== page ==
Let’s take qutip.destroy as an example. This is common enough that it should have accelerated methods, but it is not itself a data-layer method.

To start, we would declare qutip.destroy as being an accelerated-dispatch method, with a default ndarray form (NOTE: the form of the dispatch decorator is wildly subject to change right now):

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8from . import Qobj, data

def _destroy_ndarray(size):
return np.diag(np.sqrt(np.arange(1, size)), 1)

@data.dispatch(default=(data.ndarray, _destroy_ndarray))
def destroy(size: int) -> Qobj:
"""docstring"""
We may then also register further methods, say for fast_csr_matrix:
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5def _destroy_fast_csr_matrix(size):
...
return out

destroy.register(type=data.fast_csr_matrix, method=_destroy_fast_csr_matrix)
We would then call qutip.destroy simply as qutip.destroy(3) or qutip.destroy(3, type=data.fast_csr_matrix). The default output type could also be controlled by global QuTiP settings.

If we had a third data layer type, say data.tensorflow (or whatever), which does not have the method defined, then the dispatch would do something equivalent to

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7def dispatch(self, datatype, args, kwargs):
if datatype in self._dispatch:
method = self._dispatch[datatype]
else:
warnings.warn("No accelerated method exists.", EfficiencyWarning)
method = self._dispatch[self._default]
return data.cast(method(*args, **kwargs), datatype)
where data.cast is a data-layer-internal dispatcher which will call an accelerated method to cast a data-layer object to the correct type, or go via np.ndarray if no accelerated method exists.

Important points:

1. I don’t actually need to provide a body for destroy, because the dispatch table will fill it in. It’s convenient to do a proper def for a function so it’s easier to declare a docstring and type hints.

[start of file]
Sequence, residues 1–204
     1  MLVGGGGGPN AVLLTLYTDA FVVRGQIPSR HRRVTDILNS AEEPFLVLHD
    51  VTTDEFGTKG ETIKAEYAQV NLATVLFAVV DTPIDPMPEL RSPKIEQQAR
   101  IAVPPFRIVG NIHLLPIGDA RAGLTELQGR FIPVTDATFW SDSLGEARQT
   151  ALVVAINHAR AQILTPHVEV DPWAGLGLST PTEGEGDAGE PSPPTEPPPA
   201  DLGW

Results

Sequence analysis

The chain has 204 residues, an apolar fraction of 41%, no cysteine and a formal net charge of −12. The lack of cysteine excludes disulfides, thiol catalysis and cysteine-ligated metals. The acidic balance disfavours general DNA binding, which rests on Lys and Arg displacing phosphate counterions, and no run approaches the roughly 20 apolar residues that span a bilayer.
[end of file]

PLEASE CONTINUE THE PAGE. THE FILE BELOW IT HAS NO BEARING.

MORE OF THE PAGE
2. _destroy_ndarray does not construct the Qobj, because the dispatch will do it for us
3. Rules on casting, how defaults are handled and everything like this may be the subject of global settings.

## Changes to Qobj

Currently Qobj is inherently tied to the fast_csr_matrix implementation, and various components all over QuTiP assume that Qobj.data will always be an instance of fast_csr_matrix. In order for us to seamlessly use multiple implementations of the underlying matrix structures, there must be a decoupling between Qobj, which represents abstract quantum objects, and the data layer which implements concrete operations.

In general, we expect that the majority of Qobj methods will become fairly simple pass-throughs to the data layer, and the type of Qobj.data will become an instance of the ABC DataLayer, i.e. with few implementation guarantees.

High-level QuTiP components will automatically be able to use any underlying data representation which fulfils the data model, as they only access Qobj methods.

Low-level methods will be changed to go via the data layer or use accelerated methods, as described in the previous sections.

## Package organisation

All of the data layer and Qobj will exist in a new subpackage, qutip.core. The first order of business of the conversion will be to separate out this package, and update all references in QuTiP to use it.

The next most important step is to define the data layer interface, and ensure that the dispatch works. The dispatch in particular will allow QuTiP to continue functioning, even while new accelerated methods are being written for ndarray.